Michael A. Levi is the David M. Rubenstein senior fellow for energy and the environment at the Council on Foreign Relations (CFR), director of the Maurice R. Greenberg Center for Geoeconomic Studies, and director of the CFR program on energy security and climate change. He is an expert on climate change, energy security, arms control, and nuclear terrorism.
Before joining CFR, Dr. Levi was a nonresident science fellow and a science and technology fellow in foreign policy studies at the Brookings Institution. Prior to that, he was director of the Federation of American Scientists' Strategic Security Project.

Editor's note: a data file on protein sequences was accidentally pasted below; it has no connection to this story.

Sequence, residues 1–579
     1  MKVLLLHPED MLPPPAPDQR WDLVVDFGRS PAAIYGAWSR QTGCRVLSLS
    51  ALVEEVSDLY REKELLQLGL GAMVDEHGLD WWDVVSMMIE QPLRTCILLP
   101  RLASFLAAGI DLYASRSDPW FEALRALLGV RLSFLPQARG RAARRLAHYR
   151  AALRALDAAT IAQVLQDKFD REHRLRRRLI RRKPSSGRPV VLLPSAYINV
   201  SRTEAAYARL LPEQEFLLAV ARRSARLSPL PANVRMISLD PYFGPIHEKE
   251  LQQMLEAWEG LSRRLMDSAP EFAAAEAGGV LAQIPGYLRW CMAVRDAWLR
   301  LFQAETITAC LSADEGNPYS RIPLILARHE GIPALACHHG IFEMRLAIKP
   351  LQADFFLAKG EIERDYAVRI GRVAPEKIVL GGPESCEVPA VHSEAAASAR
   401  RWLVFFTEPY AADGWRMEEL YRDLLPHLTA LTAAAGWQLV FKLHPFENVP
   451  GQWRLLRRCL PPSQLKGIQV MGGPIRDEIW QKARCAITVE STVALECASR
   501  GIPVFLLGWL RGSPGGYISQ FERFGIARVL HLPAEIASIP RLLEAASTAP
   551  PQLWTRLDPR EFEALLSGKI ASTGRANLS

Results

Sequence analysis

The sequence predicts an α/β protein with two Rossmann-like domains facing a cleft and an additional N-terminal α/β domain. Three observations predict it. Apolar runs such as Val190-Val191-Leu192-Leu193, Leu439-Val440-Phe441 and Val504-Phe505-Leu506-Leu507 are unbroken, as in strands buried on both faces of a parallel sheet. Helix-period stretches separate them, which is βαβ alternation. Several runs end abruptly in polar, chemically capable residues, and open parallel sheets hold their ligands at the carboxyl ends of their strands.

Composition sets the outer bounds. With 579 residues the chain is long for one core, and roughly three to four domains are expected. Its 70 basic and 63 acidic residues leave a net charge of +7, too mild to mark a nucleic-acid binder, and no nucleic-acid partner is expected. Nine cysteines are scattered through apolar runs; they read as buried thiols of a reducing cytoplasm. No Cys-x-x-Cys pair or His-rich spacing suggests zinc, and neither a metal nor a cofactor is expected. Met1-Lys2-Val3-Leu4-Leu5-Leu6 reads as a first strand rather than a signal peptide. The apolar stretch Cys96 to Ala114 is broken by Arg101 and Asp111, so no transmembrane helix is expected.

Dr. Levi is author of The Power Surge: Energy, Opportunity, and the Battle for America's Future(Oxford University Press, May 2013), and By All Means Necessary: How China's Resource Quest is Changing the World (with Elizabeth Economy), (Oxford University Press, February 2014). He is also the author of the books On Nuclear Terrorism (Harvard University Press, 2007) and (with Michael O'Hanlon) The Future of Arms Control (Brookings Institution Press, 2005). He was project director for the CFR-sponsored Independent Task Force on climate change, co-chaired by former governors Tom Vilsack and George Pataki. His 2005 monograph with Michael D'Arcy, Untapped Potential: U.S. Science and Technology Cooperation with the Islamic World, was the first comprehensive study of science and technology in the Muslim world. His recent writings include studies of natural gas exports, the Canadian oil sands, and the global politics and economics of clean energy innovation.